DALLAS — Airbus has disclosed that it is working on a fuel cell engine that runs on hydrogen. The propulsion system would outfit Airbus’ ZEROe planes, which are slated to go into service in 2035.
Airbus is in the process of installing liquid hydrogen tanks and distribution systems on its A380 MSN1 flight test aircraft. The manufacturer hopes to begin ground and flight testing of the fuel cell engine architecture on its ZEROe demonstrator by the middle of the decade.
Instead of using combustion to produce electricity, fuel cells—first developed by Sir William Grove in 1838—generate electricity using an electrochemical reaction.
Fuel cells differ from batteries in that they need an ongoing supply of fuel and oxygen whereas batteries get their chemical energy from materials that are already within the battery. Therefore, fuel cells can continuously generate electricity for as long as fuel and oxygen are available.
The only by-products from fuel cells that use hydrogen to directly generate electricity are heat and water.
The Power of Hydrogen
Because hydrogen can be produced from renewable energy sources without emitting any carbon dioxide, and because water is one of its main byproducts, it has been identified by Airbus as one of the most promising alternatives for powering a zero-emission aircraft.
Hydrogen can be used as an aircraft propulsion fuel in two different ways. First via hydrogen combustion in a gas turbine, and second, by using fuel cells to convert hydrogen into electricity in order to power a propeller engine. A hydrogen gas turbine can also be coupled with fuel cells instead of batteries in a hybrid-electric architecture.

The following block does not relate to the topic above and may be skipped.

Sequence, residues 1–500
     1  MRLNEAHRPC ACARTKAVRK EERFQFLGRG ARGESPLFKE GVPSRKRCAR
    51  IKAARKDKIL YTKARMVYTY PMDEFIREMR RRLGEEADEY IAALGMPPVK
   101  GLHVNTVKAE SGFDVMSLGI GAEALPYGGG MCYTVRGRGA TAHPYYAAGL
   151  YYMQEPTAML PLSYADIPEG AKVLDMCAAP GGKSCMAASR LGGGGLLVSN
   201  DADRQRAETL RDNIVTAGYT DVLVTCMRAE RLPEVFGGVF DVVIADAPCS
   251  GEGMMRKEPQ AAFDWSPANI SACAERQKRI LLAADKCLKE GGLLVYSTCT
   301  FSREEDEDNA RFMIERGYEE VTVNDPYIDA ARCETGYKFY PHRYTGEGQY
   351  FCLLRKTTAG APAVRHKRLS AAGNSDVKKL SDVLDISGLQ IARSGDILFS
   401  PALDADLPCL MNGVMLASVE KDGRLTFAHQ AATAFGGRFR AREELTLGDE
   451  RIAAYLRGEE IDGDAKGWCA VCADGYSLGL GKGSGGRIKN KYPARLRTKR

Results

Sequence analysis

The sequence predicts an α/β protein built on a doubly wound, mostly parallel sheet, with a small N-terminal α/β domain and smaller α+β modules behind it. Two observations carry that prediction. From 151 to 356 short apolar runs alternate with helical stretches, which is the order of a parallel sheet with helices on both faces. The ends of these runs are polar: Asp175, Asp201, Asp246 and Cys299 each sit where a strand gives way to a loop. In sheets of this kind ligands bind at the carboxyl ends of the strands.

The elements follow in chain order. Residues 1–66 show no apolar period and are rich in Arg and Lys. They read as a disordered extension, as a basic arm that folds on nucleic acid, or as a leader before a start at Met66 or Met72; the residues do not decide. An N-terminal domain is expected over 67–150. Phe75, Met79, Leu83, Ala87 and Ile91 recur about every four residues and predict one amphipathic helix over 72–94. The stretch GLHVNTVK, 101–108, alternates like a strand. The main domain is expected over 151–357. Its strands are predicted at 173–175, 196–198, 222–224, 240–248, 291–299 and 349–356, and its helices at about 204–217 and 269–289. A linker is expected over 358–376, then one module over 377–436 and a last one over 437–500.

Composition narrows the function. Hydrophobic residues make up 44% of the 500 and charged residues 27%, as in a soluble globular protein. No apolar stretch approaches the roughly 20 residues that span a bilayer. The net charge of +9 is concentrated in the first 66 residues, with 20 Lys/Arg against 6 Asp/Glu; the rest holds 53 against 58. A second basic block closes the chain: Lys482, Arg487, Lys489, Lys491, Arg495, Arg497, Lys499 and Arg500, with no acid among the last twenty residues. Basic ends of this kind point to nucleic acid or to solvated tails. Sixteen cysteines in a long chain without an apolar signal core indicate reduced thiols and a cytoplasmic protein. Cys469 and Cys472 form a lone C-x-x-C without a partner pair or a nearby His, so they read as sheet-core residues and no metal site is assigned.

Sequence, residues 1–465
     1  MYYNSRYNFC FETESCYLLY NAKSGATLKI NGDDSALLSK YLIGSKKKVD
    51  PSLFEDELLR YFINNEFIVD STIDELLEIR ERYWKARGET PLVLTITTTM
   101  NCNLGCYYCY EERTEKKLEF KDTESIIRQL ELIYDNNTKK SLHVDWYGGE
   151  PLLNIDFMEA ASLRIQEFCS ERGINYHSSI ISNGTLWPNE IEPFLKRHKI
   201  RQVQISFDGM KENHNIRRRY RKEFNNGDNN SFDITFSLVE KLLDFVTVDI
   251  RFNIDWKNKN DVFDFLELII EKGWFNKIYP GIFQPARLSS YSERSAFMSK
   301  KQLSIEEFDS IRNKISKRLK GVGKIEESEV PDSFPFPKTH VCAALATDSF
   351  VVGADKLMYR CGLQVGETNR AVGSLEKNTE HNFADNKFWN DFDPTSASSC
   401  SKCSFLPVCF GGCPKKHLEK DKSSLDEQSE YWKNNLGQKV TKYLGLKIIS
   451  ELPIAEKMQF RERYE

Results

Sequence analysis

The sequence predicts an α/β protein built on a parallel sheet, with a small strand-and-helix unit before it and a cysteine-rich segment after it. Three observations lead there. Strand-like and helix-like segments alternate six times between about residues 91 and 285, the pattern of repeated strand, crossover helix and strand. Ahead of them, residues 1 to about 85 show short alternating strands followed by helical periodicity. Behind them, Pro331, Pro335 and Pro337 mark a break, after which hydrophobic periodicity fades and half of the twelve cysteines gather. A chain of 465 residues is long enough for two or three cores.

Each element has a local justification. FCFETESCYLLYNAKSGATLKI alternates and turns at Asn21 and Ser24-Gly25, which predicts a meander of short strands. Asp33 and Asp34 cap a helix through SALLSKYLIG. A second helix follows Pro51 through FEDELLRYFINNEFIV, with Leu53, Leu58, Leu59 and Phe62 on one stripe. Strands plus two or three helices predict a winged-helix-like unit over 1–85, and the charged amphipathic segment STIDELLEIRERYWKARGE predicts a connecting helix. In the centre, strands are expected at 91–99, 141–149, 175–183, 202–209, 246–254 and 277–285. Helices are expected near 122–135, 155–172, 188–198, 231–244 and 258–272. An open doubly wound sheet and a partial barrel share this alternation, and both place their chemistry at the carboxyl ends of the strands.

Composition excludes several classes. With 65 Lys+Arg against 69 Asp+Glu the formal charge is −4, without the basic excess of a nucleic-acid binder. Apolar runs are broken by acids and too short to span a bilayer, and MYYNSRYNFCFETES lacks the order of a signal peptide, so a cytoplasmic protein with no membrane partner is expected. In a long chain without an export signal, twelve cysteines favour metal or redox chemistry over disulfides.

Airbus also says that hydrogen fuel cells increase their power output when stacked together, allowing for scalability. In addition, an engine powered by hydrogen fuel cells produces zero NOx emissions or contrails thereby offering additional decarbonization benefits.
Airbus has been researching the potential of fuel cell propulsion systems in the aviation industry for some time. As a joint venture with ElringKlinger, a company with more than 20 years of experience as a supplier of fuel cell systems and components, Airbus established Aerostack in October 2020.
In December 2020, Airbus unveiled its pod concept, which featured six detachable fuel cell propeller propulsion systems.
Comments from Airbus
“Fuel cells are a potential solution to help us achieve our zero-emission ambition and we are focused on developing and testing this technology to understand if it is feasible and viable for a 2035 entry-into-service of a zero-emission aircraft,” said Glenn Llewellyn, VP Zero-Emission Aircraft, Airbus.
The holy grail of aircraft propulsion is to provide power without any emissions. One of the most promising candidates is the hydrogen fuel cell.Airbus
Mr. Llewellyn added, “At scale, and if the technology targets were achieved, fuel cell engines may be able to power a one-hundred-passenger aircraft with a range of approximately 1,000 nautical miles.”
“By continuing to invest in this technology we are giving ourselves additional options that will inform our decisions on the architecture of our future ZEROe aircraft, the development of which we intend to launch in the 2027-2028 timeframe,” said the Airbus VP.
To find out more about Airbus’ fuel cell engine and demonstrator, click here.
Featured image: Airbus